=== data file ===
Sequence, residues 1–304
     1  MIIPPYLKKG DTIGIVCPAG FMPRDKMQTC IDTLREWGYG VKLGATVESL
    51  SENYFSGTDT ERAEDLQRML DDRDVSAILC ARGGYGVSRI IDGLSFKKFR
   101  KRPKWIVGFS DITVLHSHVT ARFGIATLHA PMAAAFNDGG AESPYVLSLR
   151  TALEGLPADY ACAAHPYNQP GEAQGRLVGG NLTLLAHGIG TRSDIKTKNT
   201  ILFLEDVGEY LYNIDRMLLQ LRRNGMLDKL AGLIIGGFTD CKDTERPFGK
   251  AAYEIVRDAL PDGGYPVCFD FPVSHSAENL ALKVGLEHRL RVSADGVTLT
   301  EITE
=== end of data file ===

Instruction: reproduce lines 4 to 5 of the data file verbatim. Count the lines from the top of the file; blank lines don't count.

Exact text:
   101  KRPKWIVGFS DITVLHSHVT ARFGIATLHA PMAAAFNDGG AESPYVLSLR
   151  TALEGLPADY ACAAHPYNQP GEAQGRLVGG NLTLLAHGIG TRSDIKTKNT